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Old 07-05-2012, 05:20 PM   #21
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If you use sugar, you need it at room temp (ale yeast won't operate at fridge temp). If you force carb it, you need it at fridge temp (otherwise, you need more psi to carbonate to same volumes at higher temp)...you will probably need multiple cartridges too. As I haven't owned one of these, you might want to check other threads...but I believe people have said that it takes multiple carts to full carb a bottle.
When I racked into the bottles I put the tap on one of them and put a cartridge in it, then put it in the fridge. It was in there for about a week and I tried it but the beer tasted flat, although there was a ton of foam and a lot of pressure. The cartridge was empty so I put a new one in while it was still in the fridge. A few days later it was still flat.

I have since pulled that bottle out and left it at room temp hoping the yeast would condition the beer a bit more (it tasted a little green), but I have 2 other bottles that I primed and have been at room temp. I'm just trying to figure out if I should throw the force carbed bottle back in the fridge and hope it will carb up or figure out a way to prime it (leaving it at room temp of course) without making a bomb and tap one of the primed bottles.

Thanks.
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Old 07-06-2012, 11:58 AM   #22
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Hi

I suspect part of the problem here is that there is no pressure gauge on the system. Without knowing the pressure, it's very hard to force carbonate properly. The "until the bottle is firm" in the instructions leaves a lot to the imagination. You don't *have* to have a regulator, but a $9 gauge sounds like a good thing to get.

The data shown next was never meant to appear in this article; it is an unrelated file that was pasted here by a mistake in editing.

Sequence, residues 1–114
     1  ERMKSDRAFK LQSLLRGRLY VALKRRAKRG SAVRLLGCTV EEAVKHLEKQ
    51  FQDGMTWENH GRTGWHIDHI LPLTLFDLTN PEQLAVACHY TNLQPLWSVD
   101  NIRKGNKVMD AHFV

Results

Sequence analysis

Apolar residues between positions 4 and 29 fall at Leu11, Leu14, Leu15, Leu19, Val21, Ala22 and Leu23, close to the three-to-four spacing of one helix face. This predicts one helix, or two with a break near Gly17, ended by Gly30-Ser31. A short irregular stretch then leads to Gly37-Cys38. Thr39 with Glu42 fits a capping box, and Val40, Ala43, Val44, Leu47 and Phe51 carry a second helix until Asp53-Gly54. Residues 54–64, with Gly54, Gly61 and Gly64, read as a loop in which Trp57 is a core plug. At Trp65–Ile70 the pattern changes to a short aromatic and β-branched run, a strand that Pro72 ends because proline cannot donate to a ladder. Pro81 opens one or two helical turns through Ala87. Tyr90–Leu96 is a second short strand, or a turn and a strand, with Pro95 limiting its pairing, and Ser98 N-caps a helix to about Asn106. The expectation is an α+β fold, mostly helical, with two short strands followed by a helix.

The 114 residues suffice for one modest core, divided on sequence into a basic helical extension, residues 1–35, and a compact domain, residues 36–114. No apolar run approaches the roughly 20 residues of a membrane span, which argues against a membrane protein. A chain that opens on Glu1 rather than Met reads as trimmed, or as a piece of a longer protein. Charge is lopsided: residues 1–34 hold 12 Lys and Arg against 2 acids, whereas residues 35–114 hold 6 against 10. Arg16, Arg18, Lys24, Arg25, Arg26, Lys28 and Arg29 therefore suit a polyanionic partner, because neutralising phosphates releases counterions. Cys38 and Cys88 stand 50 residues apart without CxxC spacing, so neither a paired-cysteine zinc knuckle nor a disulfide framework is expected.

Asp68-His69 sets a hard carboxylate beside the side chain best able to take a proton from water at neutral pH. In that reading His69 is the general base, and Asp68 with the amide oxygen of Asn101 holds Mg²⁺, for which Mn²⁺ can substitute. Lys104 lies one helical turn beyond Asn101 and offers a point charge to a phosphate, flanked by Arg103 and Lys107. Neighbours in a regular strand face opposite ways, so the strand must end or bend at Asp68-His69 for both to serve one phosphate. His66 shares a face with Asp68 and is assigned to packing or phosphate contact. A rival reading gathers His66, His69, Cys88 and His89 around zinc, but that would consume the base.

Bob

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Old 07-06-2012, 01:21 PM   #23
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I suspect part of the problem here is that there is no pressure gauge on the system. Without knowing the pressure, it's very hard to force carbonate properly.
I thought the regulator was set to 15psi? That was part of the reason I'm considering this.
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Old 07-06-2012, 07:16 PM   #24
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I've successfully force carbed 2 TAD bottles using the 16 gram cartridges. After bottling I put the bottle in the fridge for a couple days, then added the tap and a cartridge. I thought the beer was drinkable and some carbonation was noticeable after a few days. It takes about a couple of weeks for the carb level to even out and be really good though.

I get just a couple pints dispensed with the first cartridge, then have to add another. I recently purchased the TAD adapter from the Ebay dude and will be using the paintball tank/regulator setup going forward because I thought the cartridges resulted in just a bit of over-carbonation.

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Old 07-07-2012, 01:02 PM   #25
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I thought the regulator was set to 15psi? That was part of the reason I'm considering this.
Hi

Like any regulator, it only works up to a point. It needs a specific pressure difference to operate. Without a gauge you have no easy way to know if you need to put in a new cartridge. Since this is a "weeks" sort of thing with the right pressure, you don't want to sit there for that period of time doing nothing because the pressure is a bit low...